I am using this version of L'Hopital's rule

Assume that $\lim_{x \rightarrow a}f(x)=\lim_{x \rightarrow a}g(x)=0$, and that the limit-value $\lim_{x \rightarrow a} \frac{f'(x)}{g'(x)}$ exists (could be $\infty$ or $-\infty$). Then the limit value $\lim_{x \rightarrow a} \frac{f(x)}{g(x)}$ also exsits, and $\lim_{x \rightarrow a} \frac{f(x)}{g(x)}=\lim_{x \rightarrow a} \frac{f'(x)}{g'(x)}$.

I have two questions:

  1. When we have said that $\lim_{x \rightarrow a} \frac{f'(x)}{g'(x)}$, exists, then we have also said that $g'(x)$ is not zero around $a$ , so this does not create a problem?

  2. This is my main question: Could there be a special case, where the hypothesis of the rule is satisfied, but for every neighbourhood around $a$ , there is an $x$ such that $g(x)=0$, and so that $\lim_{x \rightarrow a} \frac{f(x)}{g(x)}$ is not defined, and hence the rule stated as it is, is wrong? Because the rule says that the limit value of $\lim_{x \rightarrow a} \frac{f(x)}{g(x)}$ exists if the hypothesis is satisfied? (The reason I am suspecting this is what I write below about Cauchy's Mean Value Theorem).

On Wikipedia: http://en.wikipedia.org/wiki/L%27H%C3%B4pital%27s_rule they assume that $g'(x)$ is not zero. But they do not say anything about $g(x)$, how do we know that there are not infinitely many points around $a$ , where $g$ is zero?

The reason I am asking is that they use Cauchy's mean value theorem in my book for the proof. http://en.wikipedia.org/wiki/Mean_value_theorem#Cauchy.27s_mean_value_theorem But when using the form with fractions, they have to assume that the denominator is not zero? It doesn't say that if $g'(c)$ is non-zero then $g(b)-g(a)$ is nonzero, we are only allowed to go to the fraction part of the theorem if we know that both is non-zero?

  • $\begingroup$ why should 1. be a problem? $\endgroup$ – Loreno Heer Jan 29 '15 at 15:54
  • $\begingroup$ @sanjab I am not saying if it is a problem. I am just asking that if we have said that the limit exists, then we have also said that the derivative of g can not be zero around a? $\endgroup$ – user119615 Jan 29 '15 at 15:57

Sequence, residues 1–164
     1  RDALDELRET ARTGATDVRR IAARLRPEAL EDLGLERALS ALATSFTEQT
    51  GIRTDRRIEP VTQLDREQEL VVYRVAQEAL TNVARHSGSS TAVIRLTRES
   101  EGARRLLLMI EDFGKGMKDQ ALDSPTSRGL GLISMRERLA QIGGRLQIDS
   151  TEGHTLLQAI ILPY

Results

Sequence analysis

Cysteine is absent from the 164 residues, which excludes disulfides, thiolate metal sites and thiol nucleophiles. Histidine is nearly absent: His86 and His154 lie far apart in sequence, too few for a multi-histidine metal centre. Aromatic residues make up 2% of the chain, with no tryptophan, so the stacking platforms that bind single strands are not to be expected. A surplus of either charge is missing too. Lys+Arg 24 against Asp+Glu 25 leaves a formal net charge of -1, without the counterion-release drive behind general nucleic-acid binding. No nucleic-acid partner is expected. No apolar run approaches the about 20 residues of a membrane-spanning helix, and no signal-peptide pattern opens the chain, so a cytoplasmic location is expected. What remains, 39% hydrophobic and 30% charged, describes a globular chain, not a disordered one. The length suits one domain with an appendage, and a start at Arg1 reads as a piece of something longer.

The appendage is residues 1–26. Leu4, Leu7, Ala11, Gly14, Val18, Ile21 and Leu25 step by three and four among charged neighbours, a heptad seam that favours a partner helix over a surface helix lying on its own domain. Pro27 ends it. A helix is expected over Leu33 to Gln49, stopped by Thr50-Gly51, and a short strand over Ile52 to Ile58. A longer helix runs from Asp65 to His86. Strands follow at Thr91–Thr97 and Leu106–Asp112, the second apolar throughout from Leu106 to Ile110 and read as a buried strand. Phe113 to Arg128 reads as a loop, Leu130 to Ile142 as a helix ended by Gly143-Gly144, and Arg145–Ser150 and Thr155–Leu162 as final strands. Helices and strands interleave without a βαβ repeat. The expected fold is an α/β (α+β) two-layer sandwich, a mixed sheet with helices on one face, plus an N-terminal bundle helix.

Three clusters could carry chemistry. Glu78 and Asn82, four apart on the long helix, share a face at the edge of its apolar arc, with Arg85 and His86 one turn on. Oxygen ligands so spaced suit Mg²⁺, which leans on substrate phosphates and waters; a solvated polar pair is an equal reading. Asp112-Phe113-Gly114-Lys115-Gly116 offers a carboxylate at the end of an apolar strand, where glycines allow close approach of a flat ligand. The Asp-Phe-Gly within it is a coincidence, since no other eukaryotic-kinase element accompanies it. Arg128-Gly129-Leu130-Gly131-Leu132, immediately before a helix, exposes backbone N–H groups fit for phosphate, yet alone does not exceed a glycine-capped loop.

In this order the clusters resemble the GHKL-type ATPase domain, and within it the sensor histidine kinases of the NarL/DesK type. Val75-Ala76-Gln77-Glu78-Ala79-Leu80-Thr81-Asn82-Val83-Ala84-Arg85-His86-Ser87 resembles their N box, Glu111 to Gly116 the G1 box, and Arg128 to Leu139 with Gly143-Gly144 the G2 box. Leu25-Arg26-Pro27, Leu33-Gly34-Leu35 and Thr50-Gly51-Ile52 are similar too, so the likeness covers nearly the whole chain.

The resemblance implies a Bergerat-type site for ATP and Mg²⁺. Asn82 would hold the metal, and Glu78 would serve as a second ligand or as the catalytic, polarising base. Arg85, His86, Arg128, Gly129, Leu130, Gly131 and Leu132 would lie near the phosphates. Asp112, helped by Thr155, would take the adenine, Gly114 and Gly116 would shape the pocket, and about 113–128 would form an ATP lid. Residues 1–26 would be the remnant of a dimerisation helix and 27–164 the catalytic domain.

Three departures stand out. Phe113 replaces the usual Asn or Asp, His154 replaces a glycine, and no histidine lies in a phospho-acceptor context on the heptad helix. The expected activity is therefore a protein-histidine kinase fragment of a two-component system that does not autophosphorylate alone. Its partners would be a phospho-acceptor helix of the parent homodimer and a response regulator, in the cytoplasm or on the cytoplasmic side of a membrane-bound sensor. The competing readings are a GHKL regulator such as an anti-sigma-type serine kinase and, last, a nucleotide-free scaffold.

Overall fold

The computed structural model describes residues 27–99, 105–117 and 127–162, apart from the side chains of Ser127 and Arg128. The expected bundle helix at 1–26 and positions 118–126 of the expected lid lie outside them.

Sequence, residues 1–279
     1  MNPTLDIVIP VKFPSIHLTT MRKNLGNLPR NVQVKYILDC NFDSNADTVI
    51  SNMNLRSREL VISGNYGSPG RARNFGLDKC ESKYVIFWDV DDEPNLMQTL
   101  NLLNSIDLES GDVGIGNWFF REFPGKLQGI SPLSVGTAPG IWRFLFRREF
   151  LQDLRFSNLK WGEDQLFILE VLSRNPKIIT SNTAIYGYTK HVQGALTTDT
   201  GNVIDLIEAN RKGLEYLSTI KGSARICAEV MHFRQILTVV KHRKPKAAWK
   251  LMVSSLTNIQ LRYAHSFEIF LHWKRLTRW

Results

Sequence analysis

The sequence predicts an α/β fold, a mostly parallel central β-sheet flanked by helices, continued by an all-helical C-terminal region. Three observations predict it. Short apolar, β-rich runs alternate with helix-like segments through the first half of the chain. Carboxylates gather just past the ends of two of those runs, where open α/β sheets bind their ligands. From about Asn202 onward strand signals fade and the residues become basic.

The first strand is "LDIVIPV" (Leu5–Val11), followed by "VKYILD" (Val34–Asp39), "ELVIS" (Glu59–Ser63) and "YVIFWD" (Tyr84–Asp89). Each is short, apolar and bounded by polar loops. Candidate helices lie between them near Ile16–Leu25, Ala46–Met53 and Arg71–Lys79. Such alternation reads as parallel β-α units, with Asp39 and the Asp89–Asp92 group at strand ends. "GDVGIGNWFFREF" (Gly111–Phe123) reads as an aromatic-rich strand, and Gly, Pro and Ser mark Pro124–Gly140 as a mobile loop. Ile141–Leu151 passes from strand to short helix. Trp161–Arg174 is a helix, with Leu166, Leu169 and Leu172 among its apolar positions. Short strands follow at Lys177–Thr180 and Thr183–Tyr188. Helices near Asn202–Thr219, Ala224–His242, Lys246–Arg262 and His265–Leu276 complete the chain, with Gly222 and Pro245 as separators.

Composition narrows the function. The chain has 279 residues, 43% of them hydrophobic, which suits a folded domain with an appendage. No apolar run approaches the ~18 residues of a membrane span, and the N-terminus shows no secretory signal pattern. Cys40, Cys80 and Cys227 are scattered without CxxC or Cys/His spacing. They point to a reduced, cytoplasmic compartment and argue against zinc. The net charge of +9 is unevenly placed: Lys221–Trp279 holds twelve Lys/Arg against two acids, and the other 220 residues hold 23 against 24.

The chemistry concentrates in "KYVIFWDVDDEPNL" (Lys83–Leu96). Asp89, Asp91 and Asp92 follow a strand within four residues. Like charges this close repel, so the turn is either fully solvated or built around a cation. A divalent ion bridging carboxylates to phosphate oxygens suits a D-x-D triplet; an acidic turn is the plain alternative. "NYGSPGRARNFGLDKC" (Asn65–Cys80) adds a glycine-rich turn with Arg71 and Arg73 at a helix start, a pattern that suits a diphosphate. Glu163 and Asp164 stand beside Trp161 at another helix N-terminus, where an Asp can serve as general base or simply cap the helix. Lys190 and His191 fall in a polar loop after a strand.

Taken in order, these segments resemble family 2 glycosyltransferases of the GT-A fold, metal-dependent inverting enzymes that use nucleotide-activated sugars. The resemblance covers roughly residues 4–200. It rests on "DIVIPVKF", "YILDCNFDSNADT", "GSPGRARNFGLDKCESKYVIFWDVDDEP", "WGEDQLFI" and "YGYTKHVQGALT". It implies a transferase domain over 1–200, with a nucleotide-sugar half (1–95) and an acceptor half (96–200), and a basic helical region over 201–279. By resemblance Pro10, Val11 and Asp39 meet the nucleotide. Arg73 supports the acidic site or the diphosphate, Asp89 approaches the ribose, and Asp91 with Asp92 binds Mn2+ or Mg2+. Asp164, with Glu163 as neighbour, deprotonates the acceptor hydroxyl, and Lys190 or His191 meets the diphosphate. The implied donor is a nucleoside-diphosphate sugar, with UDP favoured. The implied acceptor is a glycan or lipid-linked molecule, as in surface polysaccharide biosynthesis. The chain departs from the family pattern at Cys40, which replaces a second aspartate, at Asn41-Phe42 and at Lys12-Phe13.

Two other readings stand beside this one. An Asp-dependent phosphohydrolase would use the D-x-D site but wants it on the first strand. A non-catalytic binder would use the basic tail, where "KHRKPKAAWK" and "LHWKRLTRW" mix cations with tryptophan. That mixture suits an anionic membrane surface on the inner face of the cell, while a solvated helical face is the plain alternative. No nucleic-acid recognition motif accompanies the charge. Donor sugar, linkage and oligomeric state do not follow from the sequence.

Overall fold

• $\begingroup$ If the derivative of g was zero arbitrary close to a, then it would be a problem?, because then the limit value would not be defined? $\endgroup$ – user119615 Jan 29 '15 at 15:57
  • $\begingroup$ g' is not zero in an neighbourhood of a (except possibly for a itself) by assumption $\endgroup$ – Loreno Heer Jan 29 '15 at 15:59
  • $\begingroup$ Yes sanjab, I see that they have required that on the wikipedia article. But my question is that if you already say that $\lim_{x \rightarrow a}\frac{f'(x)}{g'(x)}$ exists, then you have allready said this(?), so you don't need to state it aswell as a separate point(?), as they have on Wikipedia? But problem 2 is my main concern. $\endgroup$ – user119615 Jan 29 '15 at 16:08

If $g$ had a zero in every neighborhood of $a$, then it would have a sequence of zeros tending to $a$, and by Rolle's theorem there would be a zero of $g'$ between each adjacent pair of them. This would contradict the assumption that there is an interval around $a$ where $g'$ has no zeros.

Some calculus textbook require (for simplicity, I guess) that a function must be defined in a punctured neighborhood of $a$ in order for it to have a limit, and if you use this definition it is automatic that $g'$ is nonzero near $a$ if $f'/g'$ has a limit. However, this restriction is usually not imposed in more advanced treatments of limits (where it is only required that any punctured neighborhood of $a$ contains some point where the function is defined), and then one must add the assumption that $g' \neq 0$ explicitly.

  • $\begingroup$ Thank you very much for your answer! $\endgroup$ – user119615 Jan 29 '15 at 16:22
  • $\begingroup$ You're welcome! $\endgroup$ – Hans Lundmark Jan 29 '15 at 16:26

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